BAFTA, in association with The Royal Albert Hall, are doing a series of interviews under the title Conversations With Screen Composers. The event was filmed with multi-camera set-up, and is due to be on the BAFTA website as a webcast in the near future.
I had heard about the event through one of the news websites, so rushed over to the website to book tickets, only to find they were sold out.
I checked with the box office who said a number of tickets had been held over. Returning daily to the website came up trumps when sure enough the tickets were suddenly available again a couple of days before the event.
I got there nice and early so I could collect my ticket, and found I was first I the queue, and nabbed front row dead centre. Perfect!
The interview was conducted by Tommy Pearson, who kicked off by asking how Murray got into music.
A lot of Murray’s answers were not quite what you’d have expected, revealing his early playing skills learnt from a ageing piano teach who only charged 25p a lesson, cos that what what she had charged his grandmother.
This taught him a more intuitive way of playing, which meant he was soon shining in school productions before progressing on to Cambridge University from his home in Portsmouth.
After slogging away on various small projects he landed the job of scoring a new production of Vanity Fair for the BBC, for which he took an unorthodox approach.
His music was produced using small bands and college student choirs, creating an almost circus-like sound. Upon submitting the score a BBC memo came back (in the days before email) asking “Are you joking?”
Murray’s slightly scatty character came out in the interview, with him relating commissions of productions to before or after he burnt his flat down.
He also explained how he likes to find the soul of a piece, spending copious amounts of time to find his hook into composing the music. After producing 40 variations of a theme he will then only submit the one he likes, and seems to take umbrage at being asked if there was room for improvement.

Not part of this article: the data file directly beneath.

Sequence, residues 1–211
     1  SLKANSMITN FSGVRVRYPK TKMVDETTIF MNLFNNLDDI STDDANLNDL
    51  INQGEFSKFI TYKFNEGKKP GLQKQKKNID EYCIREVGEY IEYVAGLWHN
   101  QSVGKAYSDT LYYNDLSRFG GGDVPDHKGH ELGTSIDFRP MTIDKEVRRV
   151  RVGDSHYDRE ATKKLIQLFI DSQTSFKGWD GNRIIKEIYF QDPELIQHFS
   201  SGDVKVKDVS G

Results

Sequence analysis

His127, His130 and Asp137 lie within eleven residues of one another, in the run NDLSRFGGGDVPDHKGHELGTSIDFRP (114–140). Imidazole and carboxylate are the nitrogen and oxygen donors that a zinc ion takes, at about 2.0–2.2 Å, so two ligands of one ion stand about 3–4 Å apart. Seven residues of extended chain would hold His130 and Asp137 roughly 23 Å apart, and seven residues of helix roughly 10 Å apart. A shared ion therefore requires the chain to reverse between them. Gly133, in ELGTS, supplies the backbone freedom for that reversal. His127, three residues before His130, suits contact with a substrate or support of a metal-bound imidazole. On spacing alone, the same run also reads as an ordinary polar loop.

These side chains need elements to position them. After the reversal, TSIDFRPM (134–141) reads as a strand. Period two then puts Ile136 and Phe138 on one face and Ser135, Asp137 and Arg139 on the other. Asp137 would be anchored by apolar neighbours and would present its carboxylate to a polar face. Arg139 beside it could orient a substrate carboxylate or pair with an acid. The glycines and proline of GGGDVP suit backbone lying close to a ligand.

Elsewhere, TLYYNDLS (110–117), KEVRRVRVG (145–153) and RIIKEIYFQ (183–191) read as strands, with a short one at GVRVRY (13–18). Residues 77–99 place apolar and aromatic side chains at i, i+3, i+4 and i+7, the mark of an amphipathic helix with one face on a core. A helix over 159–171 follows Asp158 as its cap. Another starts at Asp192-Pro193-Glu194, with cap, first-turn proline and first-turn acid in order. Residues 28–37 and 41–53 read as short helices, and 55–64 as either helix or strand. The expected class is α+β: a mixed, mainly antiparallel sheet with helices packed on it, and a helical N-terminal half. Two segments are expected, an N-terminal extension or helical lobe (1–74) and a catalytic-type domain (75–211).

Being a series covering adult themes - and us being a relatively young audience - they weren’t able to play any clips beyond the closing credits!
Murray then scored the first couple of series of Shamless, as well as pursuing private projects, including writing and directing a play starring Christopher Eccelston.
He noticed how his lead actor was disappearing on a regular basis, returning with news of how he was close to being cast in this exciting upcoming series with stories including a girl who witnesses her own father’s death. yes - Doctor Who!
Murray was a bit miffed Russell was stealing his actor, and hadn’t asked him to do the music, so when the email came through inviting his involvement, his annoyance went out the window and he replied “love to”.
He explained how budgets were tight at the start and all the music was composed and created in his bedroom using new software and equipment he didn’t really know how to use!
He also didn’t seem to know it was a 13-part series, only asking after about the 4th or 5th episode!
With series two he forged links to the National Orchestra of Wales, giving the scores a fuller and more sweeping feel.
So he had to write it in one day; arrange it the next; and record it the following!
Murray also hold the unique position of having worked on every single episode of the new series, and now finds himself being asked what he thinks by the producers. He ventures little or no opinion, as he feels he is just the composer and not really worthy of being asked, despite being the most senior member of the production!
The latter part of the interview was spent with Murray at the piano playing a number of compositions for us, including I Am The Doctor, the theme for Matt Smith’s Doctor.
Some time was set aside for a few questions from the audience, after which the event drew to a close.
I was lucky enough to catch Murray outside before he left and he signed the covers of some CDs I brought along on the off chance he would be willing. It was a worthwhile end to a great evening!